The AKS primality test (also known as Agrawal–Kayal–Saxena primality test and cyclotomic AKS test) is a deterministic primality-proving algorithm created and published by Manindra Agrawal, Neeraj Kayal, and Nitin Saxena, computer scientists at the Indian Institute of Technology Kanpur, on August 6, 2002, in a paper titled "PRIMES is in P". The authors received many accolades, including the 2006 Gödel Prize and the 2006 Fulkerson Prize, for this work.
The algorithm determines whether a number is prime or composite within polynomial time. Contents
3 History and running time
6 External links
AKS is the first primality-proving algorithm to be simultaneously general, polynomial, deterministic, and unconditional. Previous algorithms had been developed for centuries but achieved three of these properties at most, but not all four.
The AKS algorithm can be used to verify the primality of any general number given. Many fast primality tests are known that work only for numbers with certain properties. For example, the Lucas–Lehmer test for Mersenne numbers works only for Mersenne numbers, while Pépin's test can be applied to Fermat numbers only. The maximum running time of the algorithm can be expressed as a polynomial over the number of digits in the target number. ECPP and APR conclusively prove or disprove that a given number is prime, but are not known to have polynomial time bounds for all inputs. The algorithm is guaranteed to distinguish deterministically whether the target number is prime or composite. Randomized tests, such as Miller–Rabin and Baillie–PSW, can test any given number for primality in polynomial time, but are known to produce only a probabilistic result. The correctness of AKS is not conditional on any subsidiary unproven hypothesis. In contrast, the Miller test is fully deterministic and runs in polynomial time over all inputs,...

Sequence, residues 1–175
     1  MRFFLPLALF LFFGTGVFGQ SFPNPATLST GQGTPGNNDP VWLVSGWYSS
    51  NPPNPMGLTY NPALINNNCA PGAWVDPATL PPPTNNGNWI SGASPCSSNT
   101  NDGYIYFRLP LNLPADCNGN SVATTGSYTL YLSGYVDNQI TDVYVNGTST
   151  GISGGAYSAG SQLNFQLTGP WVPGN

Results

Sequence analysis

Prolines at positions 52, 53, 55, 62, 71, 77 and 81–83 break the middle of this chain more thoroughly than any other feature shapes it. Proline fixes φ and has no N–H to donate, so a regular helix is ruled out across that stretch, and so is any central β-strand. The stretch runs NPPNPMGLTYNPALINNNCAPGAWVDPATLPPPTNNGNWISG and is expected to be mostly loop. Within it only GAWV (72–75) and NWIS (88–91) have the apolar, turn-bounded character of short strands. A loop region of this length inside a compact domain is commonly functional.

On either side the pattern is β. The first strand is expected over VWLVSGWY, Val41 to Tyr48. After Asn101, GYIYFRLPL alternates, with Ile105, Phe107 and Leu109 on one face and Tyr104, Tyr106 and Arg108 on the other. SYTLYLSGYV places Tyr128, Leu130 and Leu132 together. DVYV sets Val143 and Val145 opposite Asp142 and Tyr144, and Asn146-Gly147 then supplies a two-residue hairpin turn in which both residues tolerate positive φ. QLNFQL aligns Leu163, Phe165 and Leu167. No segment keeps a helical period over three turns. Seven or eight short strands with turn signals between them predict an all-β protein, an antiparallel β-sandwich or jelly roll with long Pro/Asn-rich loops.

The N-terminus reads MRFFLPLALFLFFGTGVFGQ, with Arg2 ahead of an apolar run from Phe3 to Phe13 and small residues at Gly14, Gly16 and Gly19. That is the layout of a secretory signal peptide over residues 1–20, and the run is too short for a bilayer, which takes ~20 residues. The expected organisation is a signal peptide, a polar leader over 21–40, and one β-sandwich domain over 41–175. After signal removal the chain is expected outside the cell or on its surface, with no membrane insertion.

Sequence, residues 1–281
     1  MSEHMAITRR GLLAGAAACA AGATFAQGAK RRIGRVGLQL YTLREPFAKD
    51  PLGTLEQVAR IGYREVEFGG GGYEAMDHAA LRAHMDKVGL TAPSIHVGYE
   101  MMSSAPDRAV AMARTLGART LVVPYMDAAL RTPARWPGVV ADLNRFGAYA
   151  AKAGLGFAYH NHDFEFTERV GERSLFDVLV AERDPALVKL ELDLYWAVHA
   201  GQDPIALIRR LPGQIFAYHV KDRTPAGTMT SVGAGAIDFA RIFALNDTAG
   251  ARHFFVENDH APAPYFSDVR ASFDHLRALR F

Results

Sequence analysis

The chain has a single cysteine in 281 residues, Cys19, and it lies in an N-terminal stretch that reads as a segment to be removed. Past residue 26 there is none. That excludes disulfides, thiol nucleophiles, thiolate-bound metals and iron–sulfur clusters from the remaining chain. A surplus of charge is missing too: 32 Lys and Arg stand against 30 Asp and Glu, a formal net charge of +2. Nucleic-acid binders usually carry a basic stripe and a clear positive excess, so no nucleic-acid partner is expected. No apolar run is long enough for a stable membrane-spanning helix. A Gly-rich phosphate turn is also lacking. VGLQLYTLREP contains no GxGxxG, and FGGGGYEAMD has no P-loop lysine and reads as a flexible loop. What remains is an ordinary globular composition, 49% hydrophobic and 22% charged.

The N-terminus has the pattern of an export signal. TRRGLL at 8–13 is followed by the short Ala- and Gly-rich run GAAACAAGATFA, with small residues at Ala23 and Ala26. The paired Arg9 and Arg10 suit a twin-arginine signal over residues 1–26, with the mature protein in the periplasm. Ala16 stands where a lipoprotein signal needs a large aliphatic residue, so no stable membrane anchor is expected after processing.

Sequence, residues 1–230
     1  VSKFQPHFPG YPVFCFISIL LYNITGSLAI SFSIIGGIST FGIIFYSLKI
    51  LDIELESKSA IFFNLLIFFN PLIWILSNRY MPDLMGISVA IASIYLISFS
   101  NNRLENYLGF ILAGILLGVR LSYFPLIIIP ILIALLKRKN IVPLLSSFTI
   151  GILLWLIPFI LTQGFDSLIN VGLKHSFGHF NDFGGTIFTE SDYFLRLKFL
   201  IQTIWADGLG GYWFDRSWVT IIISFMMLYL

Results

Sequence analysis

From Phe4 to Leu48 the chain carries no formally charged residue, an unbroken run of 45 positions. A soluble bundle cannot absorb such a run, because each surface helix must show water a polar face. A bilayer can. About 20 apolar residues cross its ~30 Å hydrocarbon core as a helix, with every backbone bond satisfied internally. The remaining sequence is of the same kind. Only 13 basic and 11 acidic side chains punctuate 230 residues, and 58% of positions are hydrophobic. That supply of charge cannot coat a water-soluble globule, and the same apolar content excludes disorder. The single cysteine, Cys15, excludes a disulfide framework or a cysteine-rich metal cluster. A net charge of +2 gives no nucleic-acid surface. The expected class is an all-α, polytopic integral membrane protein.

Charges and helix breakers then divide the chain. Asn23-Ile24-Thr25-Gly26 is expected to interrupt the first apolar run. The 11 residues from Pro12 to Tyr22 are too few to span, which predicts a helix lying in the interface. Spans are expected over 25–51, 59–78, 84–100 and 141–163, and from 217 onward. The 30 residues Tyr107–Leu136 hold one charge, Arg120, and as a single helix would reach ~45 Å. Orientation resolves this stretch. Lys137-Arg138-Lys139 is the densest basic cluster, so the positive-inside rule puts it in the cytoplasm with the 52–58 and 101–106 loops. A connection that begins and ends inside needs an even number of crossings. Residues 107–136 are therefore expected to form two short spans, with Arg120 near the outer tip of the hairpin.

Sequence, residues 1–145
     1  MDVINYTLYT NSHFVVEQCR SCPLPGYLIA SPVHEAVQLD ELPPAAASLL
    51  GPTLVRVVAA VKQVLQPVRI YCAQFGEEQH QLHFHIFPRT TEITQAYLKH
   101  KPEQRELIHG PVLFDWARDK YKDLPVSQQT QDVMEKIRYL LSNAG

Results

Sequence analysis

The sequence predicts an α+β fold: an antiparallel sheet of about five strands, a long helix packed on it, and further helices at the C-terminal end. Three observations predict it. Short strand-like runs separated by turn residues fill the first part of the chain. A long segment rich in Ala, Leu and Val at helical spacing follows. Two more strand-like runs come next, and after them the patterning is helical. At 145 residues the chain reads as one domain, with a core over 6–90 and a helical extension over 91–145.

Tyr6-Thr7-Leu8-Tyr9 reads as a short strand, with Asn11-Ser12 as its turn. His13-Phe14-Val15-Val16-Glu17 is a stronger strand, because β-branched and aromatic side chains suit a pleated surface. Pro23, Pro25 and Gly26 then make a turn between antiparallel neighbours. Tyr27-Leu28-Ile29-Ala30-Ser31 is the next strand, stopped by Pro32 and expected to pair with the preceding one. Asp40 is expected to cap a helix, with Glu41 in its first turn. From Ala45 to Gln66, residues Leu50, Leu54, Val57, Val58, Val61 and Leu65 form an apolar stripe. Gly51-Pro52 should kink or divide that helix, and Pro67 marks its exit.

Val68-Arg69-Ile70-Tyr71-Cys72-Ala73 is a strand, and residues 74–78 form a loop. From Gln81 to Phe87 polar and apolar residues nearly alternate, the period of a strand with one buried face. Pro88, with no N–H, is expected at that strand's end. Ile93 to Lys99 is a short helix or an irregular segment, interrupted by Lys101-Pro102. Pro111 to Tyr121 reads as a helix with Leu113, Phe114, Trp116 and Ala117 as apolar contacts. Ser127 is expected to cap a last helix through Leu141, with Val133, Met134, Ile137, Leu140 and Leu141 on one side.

Please join StudyMode to read the full document